Her Own Way: The Life & Work of Taťana KellnerJuly 18, 2016
Through the side door and up the stairs of the barn on Binnewater Road is Taťana Kellner’s spacious, pitch-roofed and many-windowed studio, filled with an artistic practice spanning over 40 years. She apologizes for the mess: she’s screenprinting for Poisoned Well on one table; figuring out a new digital process for an upcoming class on another; playing with materials in abstract mixed media collages pinned up on a wall. All this work is “like exercise, like trying out recipes.” (Táňa is an excellent cook.) “If you don’t do your regular stuff, it’s like not brushing your teeth,” she adds. “You have to go to the studio and just do something. If I don’t do this, I get antsy.”
Tenacious and pragmatic, Táňa speaks quickly and works intuitively. In her career, she’s had over thirty solo gallery and museum exhibitions and has been an artist-in-residence in twenty-five residency programs. Now she’s at a crossroads, divining her next step. She’s wondering where these collages are headed. But more pressing: after 42 years as Women’s Studio Workshop’s Artistic Director—overseeing a residency program that has supported over 600 women artists and produced over 200 handmade artists’ books—Táňa is retiring.
As an artist, Táňa has displayed great willingness to follow her voice even as it takes forms that are hard to classify under any single rubric. Easily bored, she is a post-medium shapeshifter: her work has brought together a diverse range of painting, printmaking, photography, and papermaking techniques; it has crossed from print to object to installation to durational works in the landscape. She has addressed life cycles, identity, family history, war, labor, and societal structures—and has grappled with the challenge of living in a world without answers.
“It’s a nonverbal thing. What’s so exciting is making something out of nothing,” Táňa says. “I’m interested in unknowingness—can you make unknowingness knowable?”
Born in 1950 in Communist Czechoslovakia to two Holocaust survivors, Táňa and her family landed in Toledo, Ohio in 1969. The culture shock was immediate: she spoke limited English, and was alienated from her adoptive American culture. “I was rooted in a sort of 1950s culture and it was suddenly 1970—it was a different time in Eastern Europe when I left,” she says. “It was like, you fall asleep and wake up twenty years later—how quickly can you adapt?”
Adapting meant deciding to seriously pursue her interest in art and developing a visual vocabulary to address the world around her. But while studying painting at The University of Toledo, Táňa found that her loose, brushy still lifes of bottles hardly resembled the vessels she tried to reproduce. Her teacher told her, “You’re a born painter.” Táňa resolutely disagreed. In her first of many turns toward the unfamiliar, she began pouring energy into learning traditional printmaking processes.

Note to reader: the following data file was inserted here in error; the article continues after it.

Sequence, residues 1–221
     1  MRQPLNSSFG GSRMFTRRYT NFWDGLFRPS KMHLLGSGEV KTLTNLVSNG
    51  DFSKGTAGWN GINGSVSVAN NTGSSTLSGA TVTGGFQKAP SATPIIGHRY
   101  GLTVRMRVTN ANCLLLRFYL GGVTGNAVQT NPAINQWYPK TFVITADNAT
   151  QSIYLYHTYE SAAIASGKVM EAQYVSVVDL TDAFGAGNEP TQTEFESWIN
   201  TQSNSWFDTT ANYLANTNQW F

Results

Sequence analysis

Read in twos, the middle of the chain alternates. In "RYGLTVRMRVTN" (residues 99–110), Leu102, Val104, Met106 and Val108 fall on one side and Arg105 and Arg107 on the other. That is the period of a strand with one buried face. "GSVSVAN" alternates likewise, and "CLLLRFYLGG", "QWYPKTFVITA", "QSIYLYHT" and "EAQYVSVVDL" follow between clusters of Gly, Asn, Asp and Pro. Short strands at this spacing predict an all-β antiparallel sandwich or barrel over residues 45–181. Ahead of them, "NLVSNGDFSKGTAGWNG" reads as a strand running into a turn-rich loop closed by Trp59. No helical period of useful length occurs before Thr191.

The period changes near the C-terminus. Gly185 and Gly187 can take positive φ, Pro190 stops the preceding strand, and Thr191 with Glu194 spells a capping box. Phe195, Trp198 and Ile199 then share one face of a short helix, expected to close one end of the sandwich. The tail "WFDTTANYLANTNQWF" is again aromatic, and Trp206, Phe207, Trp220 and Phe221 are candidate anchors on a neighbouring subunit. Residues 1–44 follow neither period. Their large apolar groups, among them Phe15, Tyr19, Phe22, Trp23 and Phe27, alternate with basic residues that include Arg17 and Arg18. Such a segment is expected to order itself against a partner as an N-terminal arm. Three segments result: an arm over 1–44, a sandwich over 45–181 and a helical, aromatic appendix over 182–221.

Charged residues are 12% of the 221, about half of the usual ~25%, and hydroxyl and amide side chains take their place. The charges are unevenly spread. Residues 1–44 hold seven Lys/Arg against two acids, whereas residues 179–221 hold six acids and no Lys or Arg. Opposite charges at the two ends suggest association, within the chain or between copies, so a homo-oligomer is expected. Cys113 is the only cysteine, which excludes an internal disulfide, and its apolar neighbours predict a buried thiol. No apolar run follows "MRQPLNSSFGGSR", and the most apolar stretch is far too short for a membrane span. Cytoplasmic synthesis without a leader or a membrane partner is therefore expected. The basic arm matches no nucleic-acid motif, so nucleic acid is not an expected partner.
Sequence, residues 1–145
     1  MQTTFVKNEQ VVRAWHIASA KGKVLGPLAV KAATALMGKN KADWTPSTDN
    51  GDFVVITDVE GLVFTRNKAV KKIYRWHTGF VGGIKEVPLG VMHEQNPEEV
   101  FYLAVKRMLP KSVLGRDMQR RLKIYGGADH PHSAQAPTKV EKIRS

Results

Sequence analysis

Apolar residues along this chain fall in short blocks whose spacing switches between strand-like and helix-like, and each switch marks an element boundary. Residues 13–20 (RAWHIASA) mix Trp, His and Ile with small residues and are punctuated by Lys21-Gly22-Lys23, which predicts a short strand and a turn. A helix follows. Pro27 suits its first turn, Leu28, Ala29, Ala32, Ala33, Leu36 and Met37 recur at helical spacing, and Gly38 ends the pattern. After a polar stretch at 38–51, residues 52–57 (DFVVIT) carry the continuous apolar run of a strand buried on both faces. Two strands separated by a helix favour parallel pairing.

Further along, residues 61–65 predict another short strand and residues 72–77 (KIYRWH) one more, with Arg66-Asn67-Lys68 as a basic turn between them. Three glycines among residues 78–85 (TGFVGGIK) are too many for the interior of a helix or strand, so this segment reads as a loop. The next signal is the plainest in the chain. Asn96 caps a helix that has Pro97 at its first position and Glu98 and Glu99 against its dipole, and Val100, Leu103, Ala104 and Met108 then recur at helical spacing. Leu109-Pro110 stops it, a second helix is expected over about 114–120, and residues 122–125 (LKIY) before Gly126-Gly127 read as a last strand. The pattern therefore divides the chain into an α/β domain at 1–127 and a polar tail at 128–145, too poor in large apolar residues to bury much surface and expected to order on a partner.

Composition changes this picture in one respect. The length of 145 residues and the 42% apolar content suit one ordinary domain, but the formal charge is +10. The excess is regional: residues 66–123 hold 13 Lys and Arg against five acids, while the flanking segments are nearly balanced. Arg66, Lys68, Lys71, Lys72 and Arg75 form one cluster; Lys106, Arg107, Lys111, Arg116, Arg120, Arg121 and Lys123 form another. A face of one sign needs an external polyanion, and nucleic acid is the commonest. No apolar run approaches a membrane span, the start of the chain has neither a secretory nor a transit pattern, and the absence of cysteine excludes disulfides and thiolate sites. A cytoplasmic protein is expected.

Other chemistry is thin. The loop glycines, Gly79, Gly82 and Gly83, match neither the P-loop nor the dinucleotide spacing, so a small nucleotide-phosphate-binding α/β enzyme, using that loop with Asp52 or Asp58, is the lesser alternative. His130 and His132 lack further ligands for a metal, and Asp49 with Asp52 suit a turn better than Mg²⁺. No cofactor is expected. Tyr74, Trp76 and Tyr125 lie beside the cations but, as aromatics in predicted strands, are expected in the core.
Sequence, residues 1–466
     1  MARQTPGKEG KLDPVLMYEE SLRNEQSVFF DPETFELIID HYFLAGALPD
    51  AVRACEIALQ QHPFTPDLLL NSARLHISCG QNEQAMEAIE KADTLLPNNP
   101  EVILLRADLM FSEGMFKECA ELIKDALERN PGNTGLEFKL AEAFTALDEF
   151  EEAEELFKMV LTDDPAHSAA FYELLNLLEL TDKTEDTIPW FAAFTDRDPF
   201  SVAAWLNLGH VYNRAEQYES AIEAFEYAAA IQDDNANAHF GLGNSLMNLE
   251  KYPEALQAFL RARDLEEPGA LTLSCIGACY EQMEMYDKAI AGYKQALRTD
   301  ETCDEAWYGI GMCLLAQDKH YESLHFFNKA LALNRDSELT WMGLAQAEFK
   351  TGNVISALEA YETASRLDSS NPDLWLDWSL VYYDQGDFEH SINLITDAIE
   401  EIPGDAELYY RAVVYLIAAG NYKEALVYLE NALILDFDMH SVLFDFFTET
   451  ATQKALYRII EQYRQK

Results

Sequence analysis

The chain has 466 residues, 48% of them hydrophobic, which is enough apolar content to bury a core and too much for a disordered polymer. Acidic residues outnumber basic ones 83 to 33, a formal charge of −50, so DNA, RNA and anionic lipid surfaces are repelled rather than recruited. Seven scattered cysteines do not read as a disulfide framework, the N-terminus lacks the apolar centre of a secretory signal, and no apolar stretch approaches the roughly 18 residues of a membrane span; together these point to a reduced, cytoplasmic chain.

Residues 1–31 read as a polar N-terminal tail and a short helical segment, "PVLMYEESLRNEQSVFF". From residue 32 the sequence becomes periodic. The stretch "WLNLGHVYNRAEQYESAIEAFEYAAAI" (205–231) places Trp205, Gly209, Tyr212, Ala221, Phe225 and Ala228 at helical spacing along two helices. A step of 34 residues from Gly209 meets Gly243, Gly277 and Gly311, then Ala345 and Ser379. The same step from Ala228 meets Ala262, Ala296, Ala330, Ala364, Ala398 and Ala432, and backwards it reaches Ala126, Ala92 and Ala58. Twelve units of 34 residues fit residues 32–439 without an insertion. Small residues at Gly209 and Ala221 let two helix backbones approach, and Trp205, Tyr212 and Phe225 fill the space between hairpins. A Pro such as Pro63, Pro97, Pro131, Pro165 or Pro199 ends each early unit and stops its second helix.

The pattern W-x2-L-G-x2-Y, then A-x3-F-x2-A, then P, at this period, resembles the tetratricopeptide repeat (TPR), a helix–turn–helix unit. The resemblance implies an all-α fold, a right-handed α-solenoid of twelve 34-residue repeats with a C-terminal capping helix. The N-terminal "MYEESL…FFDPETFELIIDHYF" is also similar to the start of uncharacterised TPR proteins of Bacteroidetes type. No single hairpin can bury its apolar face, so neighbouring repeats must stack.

“I responded to the language of printmaking because it was a process that allowed me to be more indirect than something like drawing,” says Táňa. “I like the element of surprise, the lack of control. Accidents could happen and I could really respond to that.”
At 21, Táňa began her MFA at Rochester Institute of Technology in Rochester, NY. Here, she explored her immigrant identity, caught between two worlds, and tried to find her artistic fit. Words and images became many-layered, often satirical signs. She studied photography and began manipulating the medium to respond to her developing visual language, using hand-painted emulsion or making photo-etchings. As the early 1970s art world embraced the cool, iconoclastic aesthetic of conceptual art and minimalism, Táňa was looking at Klimt, Goya, and German expressionism.
“My interests were just elsewhere,” she says. “Beautiful controlled images—they just weren’t me. It takes a long time to decide, Okay I can give this thing up, it’s not a failure because it isn’t me. It’s hard to give yourself that permission.” Táňa talks a lot about permission, about being allowed to tell a particular story. For her, ignoring contemporary trends as a young artist was less about ideological rebellion than developing earnest expressiveness; to speak a language that wasn’t hers, she says, would feel false.
“I think it has to do with purity of vision,” she says. “When you’re a young artist it’s good to have influences and work through them, but at a certain point you have to sort of say, Ok is this me? What do I have to contribute to the conversation? There is no answer, and realizing that is a sobering thing. Wow, you mean I have to find my own way?”